I went to school at the University of Illinois in Champaign-Urbana and got a degree in Advertising, which is the ultimate combination of showbusiness and business. I was always fascinated by how something motivates somebody and how does somebody remembers a jingle from a commercial. All that fascinated me. That was always of interest to me. I found advertising fascinating. I took a trip around the world after school, came back, and decided, want to get into the tech world. I got a job selling these multimillion-dollar computers competing against IBM, living in San Francisco, and getting involved in Silicon Valley. I realized that even if you had something less expensive and more reliable and faster, people still wouldnt buy it. If IBM was putting fear, uncertainty, and doubt in their head that if something broke and it was your equipment, you would get fired for bringing it in.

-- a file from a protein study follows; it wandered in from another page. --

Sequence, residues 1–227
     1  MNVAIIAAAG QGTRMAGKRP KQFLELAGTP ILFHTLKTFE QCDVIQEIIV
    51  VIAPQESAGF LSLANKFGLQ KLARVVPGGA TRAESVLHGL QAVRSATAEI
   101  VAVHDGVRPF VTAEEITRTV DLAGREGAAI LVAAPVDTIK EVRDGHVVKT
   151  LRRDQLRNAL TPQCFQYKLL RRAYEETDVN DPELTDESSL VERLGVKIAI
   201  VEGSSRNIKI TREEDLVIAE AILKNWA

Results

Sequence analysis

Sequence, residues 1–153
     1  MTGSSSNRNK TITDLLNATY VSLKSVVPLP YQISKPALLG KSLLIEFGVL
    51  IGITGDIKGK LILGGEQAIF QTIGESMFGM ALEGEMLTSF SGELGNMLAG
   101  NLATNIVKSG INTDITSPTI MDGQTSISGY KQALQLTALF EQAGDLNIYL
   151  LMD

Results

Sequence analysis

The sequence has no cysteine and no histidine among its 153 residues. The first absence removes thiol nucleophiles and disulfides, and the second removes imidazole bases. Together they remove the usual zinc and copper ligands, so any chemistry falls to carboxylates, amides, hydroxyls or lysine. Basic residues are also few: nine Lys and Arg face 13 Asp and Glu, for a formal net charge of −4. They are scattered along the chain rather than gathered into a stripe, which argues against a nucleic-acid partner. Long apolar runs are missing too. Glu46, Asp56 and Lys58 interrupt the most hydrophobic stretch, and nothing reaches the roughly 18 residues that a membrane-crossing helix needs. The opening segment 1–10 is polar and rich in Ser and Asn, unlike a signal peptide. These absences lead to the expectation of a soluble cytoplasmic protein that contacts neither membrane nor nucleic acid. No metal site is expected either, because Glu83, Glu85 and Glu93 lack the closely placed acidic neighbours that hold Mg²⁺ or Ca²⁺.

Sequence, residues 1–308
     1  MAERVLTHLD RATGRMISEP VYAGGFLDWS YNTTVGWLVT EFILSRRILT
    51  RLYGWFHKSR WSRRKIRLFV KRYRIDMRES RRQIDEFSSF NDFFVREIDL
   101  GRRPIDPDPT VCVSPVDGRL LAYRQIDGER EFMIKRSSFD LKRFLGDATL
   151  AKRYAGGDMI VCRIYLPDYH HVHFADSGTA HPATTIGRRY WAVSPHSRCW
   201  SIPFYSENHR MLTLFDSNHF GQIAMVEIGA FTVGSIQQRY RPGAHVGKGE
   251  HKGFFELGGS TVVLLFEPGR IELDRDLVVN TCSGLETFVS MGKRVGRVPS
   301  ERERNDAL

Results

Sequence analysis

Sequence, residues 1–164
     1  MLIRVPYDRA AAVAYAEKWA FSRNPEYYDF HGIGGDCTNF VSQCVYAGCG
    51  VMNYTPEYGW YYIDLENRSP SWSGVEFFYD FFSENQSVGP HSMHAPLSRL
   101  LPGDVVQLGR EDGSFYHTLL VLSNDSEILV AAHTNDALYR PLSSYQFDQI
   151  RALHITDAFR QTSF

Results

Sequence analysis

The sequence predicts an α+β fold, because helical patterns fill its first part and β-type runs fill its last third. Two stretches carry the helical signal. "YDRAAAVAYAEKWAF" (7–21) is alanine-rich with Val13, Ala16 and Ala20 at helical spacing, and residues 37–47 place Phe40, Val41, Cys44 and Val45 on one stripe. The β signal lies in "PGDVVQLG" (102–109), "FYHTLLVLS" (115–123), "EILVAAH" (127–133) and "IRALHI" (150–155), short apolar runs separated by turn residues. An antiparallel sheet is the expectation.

I had to understand the psychology underneath peoples decision-making. I then moved to LA and got a job at an ad agency where my job was to sell that agency services to create movies for commercials. Youd watch a commercial to rent a movie at Blockbuster back when that was happening. Thats where I got to hone my storytelling skills because if a movie had come out theatrically and not done well, it’s almost like a second chance for the studio to have the home video division to tell the agency, “Lets create a different commercial and reposition this movie in 30 seconds to get people to want to go rent or buy it. That was a lot of fun. I’m still selling and then I had a fifteen-year sales career at Conde Nast selling to brands like Lexus, Guess jeans, the Banana Republic, and Nike. It was all about how do you convince them or all the choices they have to run their ads in a particular magazine.